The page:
Royals To Debut Craft Beer Bar Mariners Renew Deal With Ford Senators: Take World Cup Out Of Russia ABC Supply To Sponsor IndyCar Race Mizuno Launches Campaign Battle At Bristol Ticket Info Released Bucks' Downtown Arena Plan Gains Steam Manfred Defends Mets Ownership, Payroll ESPN.com Debuts New Site Redesign Spieth Stars In New AT&T Campaign
SBD/December 13, 2013/People and Pop CulturePrint All
ALAN VERLANDER on Wednesday was introduced as the new COO of Gator Bowl Sports' events division on Wednesday, and he will be "charged with securing almost any event that will ... help make Jacksonville a sports destination," according to Garry Smits of the FLORIDA TIMES-UNION. Those events "could range from a neutral-site college football game to the Florida high school football playoffs to youth soccer tournaments." Verlander comes to the new organization after serving as Sports & Entertainment Dir for the city of Jacksonville. He previously was Jacksonville Univ. AD. Gator Bowl Sports President & CEO RICK CATLETT said of Verlander, "He was an athletic director ... so he knows college sports. He was our marketing director and he worked for Host Communications, so he knows how to sell. And he’s got government experience." City of Jacksonville Dir of Communications DAVID DECAMP said that the city "would name an interim director of Sports and Entertainment 'in days,' then launch a search for a permanent director" (FLORIDA TIMES-UNION, 12/12).
Author BEN BRADLEE JR.'s "THE KID: THE IMMORTAL LIFE OF TED WILLIAMS," which was released on Dec. 3, "details an extraordinary American life while showing us how that life morphed into a legend," according to Allen Barra of the BOSTON GLOBE. The book "reads like an epic, starting before Williams's birth in 1918, outlining his Anglo and Mexican heritage growing up in Southern California, and continuing after his death in 2002 to the present." Bradlee has "given us the fullest exploration yet of his monumental ego and the best explanation for his vast inferiority complex." Unlike "earlier biographers, Bradlee doesn't romanticize the account of Williams's war service." The book is "packed with great moments," and for "every high point, there's a spectacular low." But while there is "much to praise here, there are shortcomings." Bradlee devotes "a bit too much time to the Williams story" after his retirement. The "unfathomable neuroses of Ted and his children and their ongoing internecine warfare eventually has a numbing effect." By the time his "younger two children proceed with cryogenically preserving his remains, the reader's head may feel frozen" (BOSTON GLOBE, 12/7). In N.Y., Sherryl Connelly wrote Williams was a "nasty man but his life story makes for great copy" (N.Y. DAILY NEWS, 12/8).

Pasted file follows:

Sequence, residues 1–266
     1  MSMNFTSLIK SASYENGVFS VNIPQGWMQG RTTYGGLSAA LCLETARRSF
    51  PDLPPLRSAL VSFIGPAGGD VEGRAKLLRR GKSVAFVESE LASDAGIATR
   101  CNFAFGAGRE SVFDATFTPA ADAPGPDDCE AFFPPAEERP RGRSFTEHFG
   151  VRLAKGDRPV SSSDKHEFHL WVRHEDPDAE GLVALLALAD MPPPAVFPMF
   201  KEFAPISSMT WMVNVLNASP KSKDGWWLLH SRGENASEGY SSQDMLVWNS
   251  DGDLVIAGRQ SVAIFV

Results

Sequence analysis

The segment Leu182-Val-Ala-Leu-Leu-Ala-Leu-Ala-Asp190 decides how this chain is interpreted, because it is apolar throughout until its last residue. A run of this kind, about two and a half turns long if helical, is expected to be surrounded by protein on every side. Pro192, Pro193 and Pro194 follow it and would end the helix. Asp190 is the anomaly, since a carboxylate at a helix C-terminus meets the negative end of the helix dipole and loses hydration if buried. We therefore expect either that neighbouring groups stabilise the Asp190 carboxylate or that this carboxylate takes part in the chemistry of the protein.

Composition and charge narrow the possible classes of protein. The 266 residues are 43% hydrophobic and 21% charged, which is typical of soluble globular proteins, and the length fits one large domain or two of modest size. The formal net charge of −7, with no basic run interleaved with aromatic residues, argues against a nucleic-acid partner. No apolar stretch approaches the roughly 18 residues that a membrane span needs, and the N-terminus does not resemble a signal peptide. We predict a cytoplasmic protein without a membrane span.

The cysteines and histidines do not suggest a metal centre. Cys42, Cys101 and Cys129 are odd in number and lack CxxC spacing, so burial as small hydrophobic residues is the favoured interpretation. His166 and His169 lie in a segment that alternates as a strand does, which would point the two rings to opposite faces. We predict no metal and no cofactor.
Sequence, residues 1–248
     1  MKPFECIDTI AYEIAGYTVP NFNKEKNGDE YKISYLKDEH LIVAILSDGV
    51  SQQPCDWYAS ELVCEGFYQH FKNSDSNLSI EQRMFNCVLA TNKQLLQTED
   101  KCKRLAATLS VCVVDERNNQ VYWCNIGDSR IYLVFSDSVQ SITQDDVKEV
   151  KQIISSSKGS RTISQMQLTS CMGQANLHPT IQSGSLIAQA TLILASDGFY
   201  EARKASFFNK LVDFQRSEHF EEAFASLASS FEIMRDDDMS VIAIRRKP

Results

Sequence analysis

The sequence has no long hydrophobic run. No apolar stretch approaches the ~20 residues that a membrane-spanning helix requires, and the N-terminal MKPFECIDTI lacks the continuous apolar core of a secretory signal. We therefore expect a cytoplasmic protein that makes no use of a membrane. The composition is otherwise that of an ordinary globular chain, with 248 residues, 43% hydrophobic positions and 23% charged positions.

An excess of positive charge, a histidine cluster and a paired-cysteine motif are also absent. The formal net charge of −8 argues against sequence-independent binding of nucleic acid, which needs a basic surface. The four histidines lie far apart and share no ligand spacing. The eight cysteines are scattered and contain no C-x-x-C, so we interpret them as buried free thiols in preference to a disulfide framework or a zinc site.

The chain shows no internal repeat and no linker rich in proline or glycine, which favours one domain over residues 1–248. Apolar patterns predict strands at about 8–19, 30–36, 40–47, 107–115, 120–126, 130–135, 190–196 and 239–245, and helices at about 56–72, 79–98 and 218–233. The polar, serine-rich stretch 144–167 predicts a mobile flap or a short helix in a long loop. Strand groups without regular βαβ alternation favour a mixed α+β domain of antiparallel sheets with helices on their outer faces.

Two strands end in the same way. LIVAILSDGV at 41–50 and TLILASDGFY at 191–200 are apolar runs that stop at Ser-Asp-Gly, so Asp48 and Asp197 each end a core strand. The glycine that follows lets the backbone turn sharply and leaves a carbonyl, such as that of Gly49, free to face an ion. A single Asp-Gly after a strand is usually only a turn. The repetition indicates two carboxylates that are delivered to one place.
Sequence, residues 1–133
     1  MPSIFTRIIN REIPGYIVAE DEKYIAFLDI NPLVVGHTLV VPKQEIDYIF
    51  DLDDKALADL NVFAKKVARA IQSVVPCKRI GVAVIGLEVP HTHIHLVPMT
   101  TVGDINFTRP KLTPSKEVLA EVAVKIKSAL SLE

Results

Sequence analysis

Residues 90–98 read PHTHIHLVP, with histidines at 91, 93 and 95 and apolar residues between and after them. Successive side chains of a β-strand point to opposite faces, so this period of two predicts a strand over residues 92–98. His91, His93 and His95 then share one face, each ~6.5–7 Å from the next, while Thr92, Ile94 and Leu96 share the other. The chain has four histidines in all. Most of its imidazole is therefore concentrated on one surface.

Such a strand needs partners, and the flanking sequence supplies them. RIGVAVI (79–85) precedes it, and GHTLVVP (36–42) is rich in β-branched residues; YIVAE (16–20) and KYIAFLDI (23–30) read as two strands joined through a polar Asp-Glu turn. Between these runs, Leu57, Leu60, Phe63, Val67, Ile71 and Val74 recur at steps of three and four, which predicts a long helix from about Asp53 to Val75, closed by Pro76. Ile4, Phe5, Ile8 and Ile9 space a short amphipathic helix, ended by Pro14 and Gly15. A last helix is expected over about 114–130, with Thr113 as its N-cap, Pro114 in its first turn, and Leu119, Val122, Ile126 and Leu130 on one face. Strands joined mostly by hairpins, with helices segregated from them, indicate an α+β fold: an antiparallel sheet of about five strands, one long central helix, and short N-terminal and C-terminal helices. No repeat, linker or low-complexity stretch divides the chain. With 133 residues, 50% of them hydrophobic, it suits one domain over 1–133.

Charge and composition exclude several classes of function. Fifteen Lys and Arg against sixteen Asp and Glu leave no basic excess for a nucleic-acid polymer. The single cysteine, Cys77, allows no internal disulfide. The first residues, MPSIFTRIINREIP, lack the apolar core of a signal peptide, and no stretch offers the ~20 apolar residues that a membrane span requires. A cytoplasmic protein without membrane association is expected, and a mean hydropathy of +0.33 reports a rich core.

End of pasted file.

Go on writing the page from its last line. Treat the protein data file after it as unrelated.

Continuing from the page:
COMPARE & CONTRAST: In N.Y., Charles McGrath wrote what distinguishes the book from "the rest of Williams lit is, first of all, its size, and the depth of its reporting." Bradlee "seemingly talked to everyone, not just baseball people but Williams' fishing buddies, old girlfriends, his two surviving wives and both of his daughters." Bradlee had "unparalleled access to Williams family archives." His account "does not materially alter our picture of Williams the player, but fills it in with much greater detail and nuance." Bradlee's "expansiveness enables his book to transcend the familiar limits of the sports bio and to become instead a hard-to-put-down account of a fascinating American life." It is a "story about athletic greatness but also about the perils of fame and celebrity, the corrosiveness of money and the way the cycle of familial resentment and disappointment plays itself out generation after generation" (N.Y. TIMES, 12/8). SI's Stephanie Apstein writes the book "lacks the elegance" of LEIGH MONTVILLE's '04 biography of Williams, "TED WILLIAMS: THE BIOGRAPHY OF AN AMERICAN HERO." But Bradlee's book "makes up for it with staggering reporting -- the 14-page appendix II, which lists more than 600 people he interviewed over 11 years, is longer than nine of the 34 chapters." Bradlee "tracked down everyone from Williams' two surviving wives to the man who serviced his satellite dish." It is "in those off-the-field moments that The Kid proves most insightful" (SI, 12/16 issue).
DOING DUE DILIGENCE: The WALL STREET JOURNAL's Howard Schneider wrote the book is "superb," yet "sometimes troubling." But "research alone doesn't make 'The Kid' a first-rate biography." Bradlee was "able to organize the great mass of data into a lucid and readable whole and -- most important -- bring his subject and the people around him to provocative and stormy life" (WALL STREET JOURNAL, 12/7). In N.Y., Bruce Weber wrote the biography is a "work of obvious journalistic muscle and diligence," as it "provides documentary evidence on every page to bolster the book's presumption that Williams was ... larger than life." But Bradlee is "hampered by the incontrovertible fact that Williams was a significant personage because of his batting feats." While he "hardly ignores Williams's years as a player," Bradlee is "not an especially astute baseball writer." The "best baseball chapter is a patient recounting of Williams's melodramatic and bittersweet final game, in which he homered in his last time at bat." But even in that instance, Bradlee "gives the last word to someone else, JOHN UPDIKE, who wrote about the game for The New Yorker in a famous essay." The book has "neither the hagiographic sheen of recent biographies of YOGI BERRA and WILLIE MAYS, nor the gleeful legend-puncturing of RICHARD BEN CRAMER's celebrated portrait of JOE DIMAGGIO." Bradlee's "evenhanded thoroughness ultimately does his subject ... no favors" (N.Y. TIMES, 12/5).